"This is the hottest subject in the Turkish insurance market. It's been done in the interest of the policyholder, with the view that insurers should be more careful with their underwriting capabilities," says Tarik Serpil, head of corporate risk and broking in Turkey for Willis Towers Watson.

However, as many sources told this publication, rates are still some way off being adequate, meaning underwriters now face losing money in MTPL in the future.

Fitch Ratings agrees with their hypothesis. In a special report released in May this year, Fitch surmised that the government's cap on MTPL rates would result in a reduction of around 30 percent in average MTPL premiums. This would mean a deterioration in the combined ratio for the line to 154 percent from the current 108 percent.

As MTPL accounts for some 43 percent of non-life insurance premiums in the country, this could cause the sector's combined ratio to rise to 116 percent from 102 percent.

Bright spots
Away from MTPL, there are some opportunities in other lines that are witnessing steady growth.

General liability, while still a small part of the market, constituting around 2.7 percent of the non-life segment according to JLT, is growing. Between 2014 and 2015, the line achieved premium growth of 10 percent, the broker says, driven by a 22 percent uplift in medical malpractice and a 16 percent increase in employers' liability.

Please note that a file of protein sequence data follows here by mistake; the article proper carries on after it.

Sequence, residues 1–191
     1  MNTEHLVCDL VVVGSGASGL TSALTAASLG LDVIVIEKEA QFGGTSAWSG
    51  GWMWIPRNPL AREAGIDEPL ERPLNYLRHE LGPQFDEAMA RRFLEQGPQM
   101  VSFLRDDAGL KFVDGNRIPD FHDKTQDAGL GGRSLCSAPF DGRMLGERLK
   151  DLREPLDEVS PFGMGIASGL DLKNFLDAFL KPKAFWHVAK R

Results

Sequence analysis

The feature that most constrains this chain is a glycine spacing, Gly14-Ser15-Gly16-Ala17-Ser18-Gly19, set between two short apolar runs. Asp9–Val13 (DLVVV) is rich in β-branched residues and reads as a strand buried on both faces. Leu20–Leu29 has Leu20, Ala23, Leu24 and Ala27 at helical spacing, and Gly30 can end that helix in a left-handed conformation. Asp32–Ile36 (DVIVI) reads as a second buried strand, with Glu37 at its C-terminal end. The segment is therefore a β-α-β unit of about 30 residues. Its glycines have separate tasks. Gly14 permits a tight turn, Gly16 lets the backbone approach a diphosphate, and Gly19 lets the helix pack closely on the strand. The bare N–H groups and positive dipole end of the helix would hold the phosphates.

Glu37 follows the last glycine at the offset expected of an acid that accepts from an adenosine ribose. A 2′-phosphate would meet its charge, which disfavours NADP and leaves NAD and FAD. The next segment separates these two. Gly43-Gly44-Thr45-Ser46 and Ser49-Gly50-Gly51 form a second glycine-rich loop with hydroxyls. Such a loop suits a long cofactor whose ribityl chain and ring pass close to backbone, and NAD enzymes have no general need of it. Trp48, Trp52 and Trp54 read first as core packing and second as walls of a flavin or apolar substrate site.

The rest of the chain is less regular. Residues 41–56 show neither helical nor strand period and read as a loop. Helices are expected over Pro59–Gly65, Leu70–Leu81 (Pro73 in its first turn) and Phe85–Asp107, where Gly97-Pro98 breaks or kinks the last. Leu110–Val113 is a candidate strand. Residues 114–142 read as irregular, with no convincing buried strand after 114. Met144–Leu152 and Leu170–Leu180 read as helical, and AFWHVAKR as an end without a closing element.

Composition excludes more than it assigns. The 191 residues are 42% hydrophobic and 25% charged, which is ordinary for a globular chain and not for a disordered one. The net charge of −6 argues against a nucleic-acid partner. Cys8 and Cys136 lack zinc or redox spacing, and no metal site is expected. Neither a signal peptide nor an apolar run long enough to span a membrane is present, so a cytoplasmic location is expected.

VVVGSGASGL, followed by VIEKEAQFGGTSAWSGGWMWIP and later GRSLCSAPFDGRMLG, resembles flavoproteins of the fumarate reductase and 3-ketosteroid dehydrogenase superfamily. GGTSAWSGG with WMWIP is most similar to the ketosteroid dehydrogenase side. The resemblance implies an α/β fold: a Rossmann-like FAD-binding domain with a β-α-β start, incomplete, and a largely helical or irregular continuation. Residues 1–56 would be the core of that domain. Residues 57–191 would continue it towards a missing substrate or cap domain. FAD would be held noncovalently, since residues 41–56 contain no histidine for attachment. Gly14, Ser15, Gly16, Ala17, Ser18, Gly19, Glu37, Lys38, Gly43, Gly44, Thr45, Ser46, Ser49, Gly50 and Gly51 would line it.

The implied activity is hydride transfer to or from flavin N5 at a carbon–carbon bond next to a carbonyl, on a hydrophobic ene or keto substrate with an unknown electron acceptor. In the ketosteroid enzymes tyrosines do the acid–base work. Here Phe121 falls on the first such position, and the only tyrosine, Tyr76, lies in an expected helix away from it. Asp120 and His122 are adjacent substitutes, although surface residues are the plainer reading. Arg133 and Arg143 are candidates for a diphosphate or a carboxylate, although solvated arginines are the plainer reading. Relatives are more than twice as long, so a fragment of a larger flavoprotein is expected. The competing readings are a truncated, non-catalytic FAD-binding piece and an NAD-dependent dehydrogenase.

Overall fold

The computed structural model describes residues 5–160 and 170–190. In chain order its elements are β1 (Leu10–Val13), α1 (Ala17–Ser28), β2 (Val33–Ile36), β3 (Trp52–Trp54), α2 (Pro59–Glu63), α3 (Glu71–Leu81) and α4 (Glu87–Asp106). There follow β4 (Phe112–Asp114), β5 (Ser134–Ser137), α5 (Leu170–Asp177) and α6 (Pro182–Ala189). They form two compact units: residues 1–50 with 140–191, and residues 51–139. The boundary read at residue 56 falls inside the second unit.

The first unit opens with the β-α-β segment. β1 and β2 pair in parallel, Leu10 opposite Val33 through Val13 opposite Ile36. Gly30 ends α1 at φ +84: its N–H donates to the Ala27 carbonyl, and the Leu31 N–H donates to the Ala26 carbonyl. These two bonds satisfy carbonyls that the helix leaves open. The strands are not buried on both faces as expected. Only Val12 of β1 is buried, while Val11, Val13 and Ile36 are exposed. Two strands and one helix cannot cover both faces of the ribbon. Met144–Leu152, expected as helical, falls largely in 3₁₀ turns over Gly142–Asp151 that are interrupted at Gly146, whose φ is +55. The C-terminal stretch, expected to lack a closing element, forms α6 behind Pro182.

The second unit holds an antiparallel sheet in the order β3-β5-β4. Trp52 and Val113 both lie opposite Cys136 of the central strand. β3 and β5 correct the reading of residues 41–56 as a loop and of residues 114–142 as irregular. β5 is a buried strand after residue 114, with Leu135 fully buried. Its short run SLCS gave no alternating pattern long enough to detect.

Given the increasing levels of investment in private healthcare, med-mal looks a "ripe area for growth", Serpil says, although he warns that experts have predicted potential problems in the medium and long term arising from insufficient pricing.

Milli Re's Ayten agrees, saying: "We're hoping insurers will start to focus on liability insurances in order to prevent it from becoming a big headache for themselves in the mid-term. In 2016 there wasn't really a real-term increase in the amount of liability premium being written."

Trade credit has also seen an uptick in interest due to the weakening Turkish economy and the increasing number of insolvencies.